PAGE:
Valproic acid no better than placebo for autosomal dominant retinitis pigmentosa

Posted on: Tuesday, September 11th, 2018



The results of a clinical trial did not provide support for the use of orally administered valproic acid for the treatment of autosomal dominant retinitis pigmentosa, as it did not outperform a placebo over the course of 12 months.
The multicentre, prospective, interventional, placebo-controlled, double-masked, randomised phase II clinical trial included 90 participants who received either 500 mg to 1,000 mg of oral valproic acid (VPA) daily or a placebo for 12 months. Researchers evaluated the change in visual field area between baseline and one year as the primary outcome measure.

Seventy-nine subjects completed the full trial, with 42 receiving a placebo and 37 receiving VPA. In the placebo arm, the mean change between baseline and 12 months in kinetic perimetry visual field area averaged –122.9 degree2 in the right eye and –112 degree2 in the left eye compared with the mean change of –293.7 degree2 in the right eye and –237.1 degree2 in the left eye for the VPA arm. The difference between the arms for mean change in kinetic perimetry visual field area was –150.43 degree2, which was statistically significantly worse for the VPA group.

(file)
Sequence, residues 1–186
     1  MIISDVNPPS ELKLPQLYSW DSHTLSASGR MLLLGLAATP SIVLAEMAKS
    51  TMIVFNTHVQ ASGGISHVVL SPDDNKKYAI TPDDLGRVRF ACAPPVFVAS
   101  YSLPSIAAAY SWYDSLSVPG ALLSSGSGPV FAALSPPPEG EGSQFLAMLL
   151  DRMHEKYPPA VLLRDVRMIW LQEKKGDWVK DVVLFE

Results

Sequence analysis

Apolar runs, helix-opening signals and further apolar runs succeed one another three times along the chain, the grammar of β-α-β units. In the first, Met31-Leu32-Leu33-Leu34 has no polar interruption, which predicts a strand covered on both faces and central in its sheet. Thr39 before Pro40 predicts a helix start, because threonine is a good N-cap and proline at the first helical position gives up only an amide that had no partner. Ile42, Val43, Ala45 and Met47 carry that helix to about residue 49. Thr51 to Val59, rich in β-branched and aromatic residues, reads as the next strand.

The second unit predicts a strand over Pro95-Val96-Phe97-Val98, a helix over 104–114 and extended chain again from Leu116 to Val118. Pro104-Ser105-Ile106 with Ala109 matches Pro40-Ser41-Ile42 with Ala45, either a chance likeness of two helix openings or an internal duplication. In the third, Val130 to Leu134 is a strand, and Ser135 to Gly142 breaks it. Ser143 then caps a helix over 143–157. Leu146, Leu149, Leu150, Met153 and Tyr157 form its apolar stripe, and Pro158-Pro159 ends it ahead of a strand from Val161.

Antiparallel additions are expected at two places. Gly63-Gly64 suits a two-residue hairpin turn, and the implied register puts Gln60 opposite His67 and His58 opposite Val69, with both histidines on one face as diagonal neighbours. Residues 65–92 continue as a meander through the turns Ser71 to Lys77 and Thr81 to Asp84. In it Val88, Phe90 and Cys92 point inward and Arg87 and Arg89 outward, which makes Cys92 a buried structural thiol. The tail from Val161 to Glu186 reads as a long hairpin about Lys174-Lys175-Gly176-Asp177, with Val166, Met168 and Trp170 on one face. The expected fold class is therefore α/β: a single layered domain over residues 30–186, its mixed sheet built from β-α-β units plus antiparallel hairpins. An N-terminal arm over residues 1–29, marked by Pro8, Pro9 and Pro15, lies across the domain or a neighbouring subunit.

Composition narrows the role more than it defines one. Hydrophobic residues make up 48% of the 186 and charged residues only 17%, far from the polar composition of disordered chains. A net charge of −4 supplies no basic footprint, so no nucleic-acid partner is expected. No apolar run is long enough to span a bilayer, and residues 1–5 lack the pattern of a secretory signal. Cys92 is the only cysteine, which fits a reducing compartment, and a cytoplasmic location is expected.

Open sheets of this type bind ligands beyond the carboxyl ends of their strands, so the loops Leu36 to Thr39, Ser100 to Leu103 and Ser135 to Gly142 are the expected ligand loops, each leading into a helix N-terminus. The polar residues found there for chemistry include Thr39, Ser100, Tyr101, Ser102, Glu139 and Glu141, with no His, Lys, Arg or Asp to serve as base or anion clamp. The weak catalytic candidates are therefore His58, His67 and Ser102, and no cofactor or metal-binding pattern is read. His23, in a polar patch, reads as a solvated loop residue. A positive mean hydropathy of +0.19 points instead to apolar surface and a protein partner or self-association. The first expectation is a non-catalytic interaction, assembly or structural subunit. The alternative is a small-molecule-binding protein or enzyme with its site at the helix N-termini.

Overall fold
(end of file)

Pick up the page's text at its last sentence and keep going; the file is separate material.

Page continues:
“While valproic acid, a U.S. Food and Drug Administration-approved drug with a black-box warning, made the progression of visual fields deteriorate faster than those in the placebo group, if this study had not been done the patient population would have been left with the results of the published, positive-finding pilot trial and many patients would have gone on to use this medication off-label, likely with significant potential risk,” said Stephen Rose, PhD, a co-author of the study.